Mercury's surface in "enhanced color," a color scheme created to emphasize color differences. This is not what Mercury would look like to the human eye, but by applying mathematical analysis to images, color differences can be accentuated beyond those visible to a person.
Mount Rushmore National Memorial under construction.
The workers had to endure conditions that varied from blazing hot to bitterly cold and windy. Each day they climbed 700 stairs to the top of the mountain to punch-in on the time clock. Then 3/8 inch thick steel cables lowered them over the front of the 500-foot face of the mountain in a "bosun chair." Despite the dangers, no one was killed during the project.
Otters in Glacier Bay National Park and Preserve, Alaska.
The sea otter population of Glacier Bay has increased dramatically in the past 20 years. Ecologists consider sea otters a keystone species here. Otters consume vast quantities of clams, urchins, crabs, and other invertebrates and their presence creates ripples through the ecosystem. NPS photo.
Every day someone like you becomes a wildland wildfire fighter, a teacher, a trail-builder, a museum curator, or a park ranger. Discover your opportunities in national parks. Come to play. Come to learn. Come to serve. Develop your environmental leadership skills. Find a job. Be the next generation to preserve and protect these great places.
With more than 80% of Americans living in urban areas, urban parks are more important than ever. The father of American landscape architecture, Frederick Law Olmsted, said of urban parks:
It is one great purpose of the Park to supply to the hundreds of thousands of tired workers, who have no opportunity to spend their summers in the country, a specimen of God's handiwork that shall be to them, inexpensively, what a month or two in the White Mountains or the Adirondacks is, at great cost, to those in easier circumstances.
Secretary Salazar Celebrates Completion of Tamiami Trail Bridge, Major Milestone in Ongoing Restoration of the Everglades
Restoration of Natural Water Flows to Everglades National Park Marks Completion of Modified Water Delivery Project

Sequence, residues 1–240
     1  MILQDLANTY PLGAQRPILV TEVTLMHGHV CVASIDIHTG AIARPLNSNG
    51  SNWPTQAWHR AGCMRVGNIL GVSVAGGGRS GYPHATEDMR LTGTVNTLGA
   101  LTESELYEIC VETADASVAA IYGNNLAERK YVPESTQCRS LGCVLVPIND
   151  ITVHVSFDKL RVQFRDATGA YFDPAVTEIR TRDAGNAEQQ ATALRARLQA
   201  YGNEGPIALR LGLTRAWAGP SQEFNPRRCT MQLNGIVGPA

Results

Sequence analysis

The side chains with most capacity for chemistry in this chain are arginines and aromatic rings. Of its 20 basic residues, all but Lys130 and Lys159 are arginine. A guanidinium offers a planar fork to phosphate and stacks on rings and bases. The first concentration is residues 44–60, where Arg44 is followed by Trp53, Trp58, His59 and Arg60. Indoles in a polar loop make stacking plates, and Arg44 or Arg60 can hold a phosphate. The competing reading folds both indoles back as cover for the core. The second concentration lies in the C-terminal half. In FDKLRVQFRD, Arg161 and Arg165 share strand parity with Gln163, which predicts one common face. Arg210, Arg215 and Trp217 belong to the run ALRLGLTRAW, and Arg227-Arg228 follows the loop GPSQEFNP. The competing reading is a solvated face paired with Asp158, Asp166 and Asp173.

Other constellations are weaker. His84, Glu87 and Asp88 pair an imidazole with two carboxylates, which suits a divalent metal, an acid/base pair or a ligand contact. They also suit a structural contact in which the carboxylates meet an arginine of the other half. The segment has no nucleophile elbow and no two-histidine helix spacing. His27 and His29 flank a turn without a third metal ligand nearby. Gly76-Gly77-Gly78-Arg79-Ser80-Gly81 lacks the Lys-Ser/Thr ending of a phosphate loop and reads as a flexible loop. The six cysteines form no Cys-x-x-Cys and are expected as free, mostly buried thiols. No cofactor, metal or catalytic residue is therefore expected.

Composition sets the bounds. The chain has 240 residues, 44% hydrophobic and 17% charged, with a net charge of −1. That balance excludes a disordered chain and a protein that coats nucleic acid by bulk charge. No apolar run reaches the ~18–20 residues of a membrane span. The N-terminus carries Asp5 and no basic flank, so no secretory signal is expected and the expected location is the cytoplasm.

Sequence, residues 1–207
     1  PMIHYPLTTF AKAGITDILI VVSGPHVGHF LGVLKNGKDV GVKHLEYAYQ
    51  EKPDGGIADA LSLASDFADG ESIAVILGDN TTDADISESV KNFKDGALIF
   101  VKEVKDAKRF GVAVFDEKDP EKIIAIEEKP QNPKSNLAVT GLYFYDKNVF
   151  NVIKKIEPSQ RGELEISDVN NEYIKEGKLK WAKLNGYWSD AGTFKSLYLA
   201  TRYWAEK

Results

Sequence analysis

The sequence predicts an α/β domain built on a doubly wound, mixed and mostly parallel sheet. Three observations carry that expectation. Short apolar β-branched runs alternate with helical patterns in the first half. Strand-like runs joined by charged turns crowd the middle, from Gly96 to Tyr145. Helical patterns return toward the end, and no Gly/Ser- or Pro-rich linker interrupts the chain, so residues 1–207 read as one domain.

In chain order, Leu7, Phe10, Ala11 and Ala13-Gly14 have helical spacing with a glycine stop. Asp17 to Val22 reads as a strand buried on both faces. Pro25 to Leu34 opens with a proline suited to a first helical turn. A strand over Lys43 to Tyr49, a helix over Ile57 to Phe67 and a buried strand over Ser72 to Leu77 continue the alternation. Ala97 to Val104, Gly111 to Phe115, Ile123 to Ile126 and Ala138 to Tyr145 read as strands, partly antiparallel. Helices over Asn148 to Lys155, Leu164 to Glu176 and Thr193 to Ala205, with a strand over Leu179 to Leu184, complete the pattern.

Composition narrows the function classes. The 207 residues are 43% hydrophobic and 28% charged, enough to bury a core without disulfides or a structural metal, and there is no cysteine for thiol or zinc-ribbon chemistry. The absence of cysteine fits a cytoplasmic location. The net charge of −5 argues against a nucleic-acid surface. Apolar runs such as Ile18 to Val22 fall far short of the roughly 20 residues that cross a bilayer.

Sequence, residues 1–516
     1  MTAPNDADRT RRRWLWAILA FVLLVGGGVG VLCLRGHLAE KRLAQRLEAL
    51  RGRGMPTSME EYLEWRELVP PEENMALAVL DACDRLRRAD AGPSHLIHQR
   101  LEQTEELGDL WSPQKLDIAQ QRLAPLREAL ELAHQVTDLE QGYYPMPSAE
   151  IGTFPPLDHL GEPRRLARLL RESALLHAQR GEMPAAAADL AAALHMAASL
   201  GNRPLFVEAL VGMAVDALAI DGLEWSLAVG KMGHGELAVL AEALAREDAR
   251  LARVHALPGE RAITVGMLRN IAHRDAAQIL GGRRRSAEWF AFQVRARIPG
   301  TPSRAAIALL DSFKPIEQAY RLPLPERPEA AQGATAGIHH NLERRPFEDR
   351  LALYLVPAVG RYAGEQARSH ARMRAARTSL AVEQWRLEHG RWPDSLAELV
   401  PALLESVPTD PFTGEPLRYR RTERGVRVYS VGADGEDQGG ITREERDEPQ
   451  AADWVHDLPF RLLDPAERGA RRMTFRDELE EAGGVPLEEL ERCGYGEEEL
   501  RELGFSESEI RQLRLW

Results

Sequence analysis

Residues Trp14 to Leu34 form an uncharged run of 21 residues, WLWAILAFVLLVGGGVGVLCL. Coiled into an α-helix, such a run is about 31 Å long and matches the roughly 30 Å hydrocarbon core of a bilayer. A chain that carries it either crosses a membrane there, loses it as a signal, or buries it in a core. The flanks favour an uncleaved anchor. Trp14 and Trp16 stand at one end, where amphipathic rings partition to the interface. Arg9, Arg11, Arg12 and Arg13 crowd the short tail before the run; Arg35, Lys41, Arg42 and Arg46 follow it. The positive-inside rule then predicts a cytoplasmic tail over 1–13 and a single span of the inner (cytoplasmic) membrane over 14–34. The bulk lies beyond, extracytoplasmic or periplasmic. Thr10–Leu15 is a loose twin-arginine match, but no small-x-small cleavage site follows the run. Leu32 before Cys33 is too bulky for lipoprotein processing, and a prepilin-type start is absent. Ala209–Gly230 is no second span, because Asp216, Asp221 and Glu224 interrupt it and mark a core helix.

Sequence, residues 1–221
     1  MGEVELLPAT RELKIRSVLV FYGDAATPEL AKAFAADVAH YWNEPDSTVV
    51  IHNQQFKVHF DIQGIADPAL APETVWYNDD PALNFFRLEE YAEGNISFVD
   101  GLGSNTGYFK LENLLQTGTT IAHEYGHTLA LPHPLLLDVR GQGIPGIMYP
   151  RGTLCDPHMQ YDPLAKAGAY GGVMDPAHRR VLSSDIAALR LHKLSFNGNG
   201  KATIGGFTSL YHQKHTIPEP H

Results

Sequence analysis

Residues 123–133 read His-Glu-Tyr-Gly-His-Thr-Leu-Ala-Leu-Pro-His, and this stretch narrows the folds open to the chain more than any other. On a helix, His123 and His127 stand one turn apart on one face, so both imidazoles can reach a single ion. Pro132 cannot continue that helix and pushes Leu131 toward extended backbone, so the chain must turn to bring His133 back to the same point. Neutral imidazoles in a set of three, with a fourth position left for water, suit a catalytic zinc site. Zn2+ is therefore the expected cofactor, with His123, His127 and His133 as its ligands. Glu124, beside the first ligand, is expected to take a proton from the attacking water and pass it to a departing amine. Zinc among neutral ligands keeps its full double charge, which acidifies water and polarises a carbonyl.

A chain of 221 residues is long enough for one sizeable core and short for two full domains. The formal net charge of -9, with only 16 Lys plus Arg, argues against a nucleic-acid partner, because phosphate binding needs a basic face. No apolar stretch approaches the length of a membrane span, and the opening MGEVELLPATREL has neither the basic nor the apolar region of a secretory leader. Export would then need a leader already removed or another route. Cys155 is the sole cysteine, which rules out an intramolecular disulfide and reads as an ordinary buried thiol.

EVERGLADES NATIONAL PARK, Fla. – Secretary of the Interior Ken Salazar today joined Assistant Secretary of the Army (Civil Works) Jo-Ellen Darcy and other local officials to celebrate the completion of a one-mile bridge over the Tamiami Trail, the last structural component of the Modified Water Deliveries (MWD) project to restore natural water flows to the Everglades. “Thanks to a remarkable partnership between Federal agencies, Members of Congress, the State of Florida, and the many stakeholders here in South Florida, we have reached a historic day in the long quest to restore the water flows vital to a renewed and healthy Everglades,” Salazar said. “With the completion of this bridge and the Modified Water Deliveries Project, we are moving ever closer to our goal of restoring the River of Grass to ensure the health of this iconic landscape for future generations to enjoy while creating jobs and boosting Florida's economy.”
“Today marks a critical milestone for the Tamiami Trail Modifications Project. This one-mile bridge will allow a 92 percent increase in flows to Everglades National Park,” Darcy said. “But, there is still more to do. With the support of the Administration, the state of Florida and our partnering agencies, we will continue our work to restore this American treasure.”